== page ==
Archive for the 'Our Blog' Category

Discreet communication could avoid parcel blunders

Wednesday, June 27th, 2012

In the wake of Royal Mail’s decision to abandon the ‘Sorry, you were out’ cards, the UK population will be testing its neighbourly relations, as letters and parcels will be left with neighbours.

While this will signal an end to hiking to delivery offices for parcels or signed-for goods, it may also prove awkward for those with less than amicable relations with their neighbours. A survey by ICM for the AA revealed that one in 8 Britons don’t know their neighbours, so it could prove a test of small talk skills when collecting a precious delivery.

The new system may well herald greater efficiency, but it still lacks pragmatism as there is a communication void. More and more courier companies and delivery services are now switching on to the value of SMS as an efficient, immediate and targeted means of communicating logistics.

The hassle factor is removed by SMS messages sent to the individual to ascertain when deliveries are expected. As a result, people are no longer required to take time off work to sit around for a long-awaited delivery, with a sketchy window of opportunity. Track and trace technology now means people can be notified of delivery an hour in advance via mobile for peace of mind.

By contrast, Royal Mail is advising those who don’t want to participate in neighbourly deliveries to opt out with a sticker on their front door or letter box. This seems a rather public way of handling the issue, and may put greater strain on neighbourly relations. It would be far easier use a more efficient and discreet means of communication that could not only ensure effective delivery, but prevent any red-faced dealings with neighbours.

Coming of age for SMS

Monday, May 14th, 2012

As SMS celebrates its second decade in existence, it has achieved heady heights in global popularity, cited by The Guardian as ‘the most intensively used data communication technology.’

More than 4 billion people have access to text messaging, which equates to two thirds of the world’s population. That’s a lot of thumb crunching, as no less than 8 trillion text messages were reported to have been sent last year.

It’s also interesting to see it wasn’t the brainchild of Silicon Valley, as SMS was developed as the result of a European inter-governmental project  to create a common mobile telephone system. GSM came into being as an open, unified, standard-based mobile network larger than existence in the States.

The restriction placed on the message length – 160 characters – was initially viewed as a stumbling block. However, with imagination and editing skills it was actually the teenage generation that spurred text messaging to explode on to the scene, when pay-as-you-go sim cards were introduced. This tipping point saw the growth curve of SMS rocket, and the graph is still heading in the top right direction.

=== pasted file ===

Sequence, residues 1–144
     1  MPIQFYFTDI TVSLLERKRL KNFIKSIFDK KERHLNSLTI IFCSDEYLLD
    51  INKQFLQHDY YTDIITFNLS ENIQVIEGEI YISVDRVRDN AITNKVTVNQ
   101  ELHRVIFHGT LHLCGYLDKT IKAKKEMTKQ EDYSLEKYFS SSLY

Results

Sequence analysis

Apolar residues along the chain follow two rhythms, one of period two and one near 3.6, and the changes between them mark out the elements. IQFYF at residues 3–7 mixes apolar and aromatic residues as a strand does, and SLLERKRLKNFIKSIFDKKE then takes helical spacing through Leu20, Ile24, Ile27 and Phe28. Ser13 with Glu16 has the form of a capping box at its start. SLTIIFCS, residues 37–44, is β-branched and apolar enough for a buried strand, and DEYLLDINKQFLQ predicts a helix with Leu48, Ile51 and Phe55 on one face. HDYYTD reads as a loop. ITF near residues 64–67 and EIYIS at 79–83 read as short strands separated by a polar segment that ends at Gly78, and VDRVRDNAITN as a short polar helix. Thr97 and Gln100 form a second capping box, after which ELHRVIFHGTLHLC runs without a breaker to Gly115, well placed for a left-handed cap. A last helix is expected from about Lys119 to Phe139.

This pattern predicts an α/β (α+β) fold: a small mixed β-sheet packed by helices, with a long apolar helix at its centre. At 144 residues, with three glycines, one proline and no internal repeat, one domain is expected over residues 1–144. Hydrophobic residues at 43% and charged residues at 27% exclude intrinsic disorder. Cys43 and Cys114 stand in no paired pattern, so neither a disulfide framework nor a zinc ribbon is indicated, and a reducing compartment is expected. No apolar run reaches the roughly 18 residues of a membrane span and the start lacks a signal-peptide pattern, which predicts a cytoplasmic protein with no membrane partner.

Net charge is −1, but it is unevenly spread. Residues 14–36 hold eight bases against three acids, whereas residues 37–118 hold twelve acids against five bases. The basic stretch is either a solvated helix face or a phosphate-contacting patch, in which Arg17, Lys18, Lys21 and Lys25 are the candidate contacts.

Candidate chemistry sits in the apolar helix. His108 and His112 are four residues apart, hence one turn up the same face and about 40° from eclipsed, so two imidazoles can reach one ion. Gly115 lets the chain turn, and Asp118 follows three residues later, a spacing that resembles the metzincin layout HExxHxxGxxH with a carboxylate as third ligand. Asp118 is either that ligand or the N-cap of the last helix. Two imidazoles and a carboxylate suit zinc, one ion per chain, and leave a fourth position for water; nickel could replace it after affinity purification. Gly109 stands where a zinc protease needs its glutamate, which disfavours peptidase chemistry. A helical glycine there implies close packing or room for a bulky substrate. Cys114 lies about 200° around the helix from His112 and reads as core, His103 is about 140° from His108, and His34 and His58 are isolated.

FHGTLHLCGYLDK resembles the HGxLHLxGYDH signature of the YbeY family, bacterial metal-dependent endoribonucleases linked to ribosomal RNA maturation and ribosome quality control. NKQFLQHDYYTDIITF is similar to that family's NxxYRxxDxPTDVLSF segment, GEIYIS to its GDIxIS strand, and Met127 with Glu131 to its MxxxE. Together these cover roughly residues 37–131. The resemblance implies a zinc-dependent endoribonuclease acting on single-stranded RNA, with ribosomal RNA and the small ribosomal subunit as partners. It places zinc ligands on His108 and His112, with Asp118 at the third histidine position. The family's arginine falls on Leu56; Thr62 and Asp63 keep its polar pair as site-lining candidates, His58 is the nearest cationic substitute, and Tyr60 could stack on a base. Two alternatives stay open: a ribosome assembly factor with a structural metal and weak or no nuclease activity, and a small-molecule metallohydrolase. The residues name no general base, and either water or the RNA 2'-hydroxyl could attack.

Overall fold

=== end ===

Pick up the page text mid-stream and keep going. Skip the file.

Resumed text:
Now recognised globally as an accessible, efficient and instant means of communication, SMS has more than proved its worth and held strong as other technologies have paled into insignificance.

So here’s to a ‘gr8 bday 4 sms’ – next year could be a 21st party to rival all others!

Sealed with.. a hefty bill

Wednesday, April 4th, 2012

As Britain found itself in the grip of stock-piling and panic-buying fever, Royal Mail made an announcement to instil greater panic, with the alarming rise in stamp prices.

With a carte-blanche from Ofcom (the communications industry watchdog) to set its own prices, Royal Mail revealed a 30% hike in first class stamp prices from 46p to a record 60p. This increase will further squeeze businesses that are already at the mercy of a turbulent economy.

Large letters will also see an increase from 75p to 90p (first class) – a percentage that will no doubt put a sizeable dent in budgets when sending large volumes of mail.

The spiralling cost of traditional communication methods is prompting businesses to look to more cost effective and efficient means of liaising with customers, stakeholders and employees. SMS is increasingly being used by organisations – particularly those sending high volume communications to segmented target audiences.

With a unit cost averaging 4p (this varies depending on volume), instant delivery and effective data cleansing, the argument in favour of SMS certainly stacks up against traditional, slower-paced post. When margins are painfully tight and budgets are shrinking, businesses risk unfeasibly high postage fees unless they switch on to more savvy, value-for-money communications channels. So if the argument for mail is based on the merits of a more personalised approach, it begs the question; is it sealed with a loving kiss.. or a hefty bill?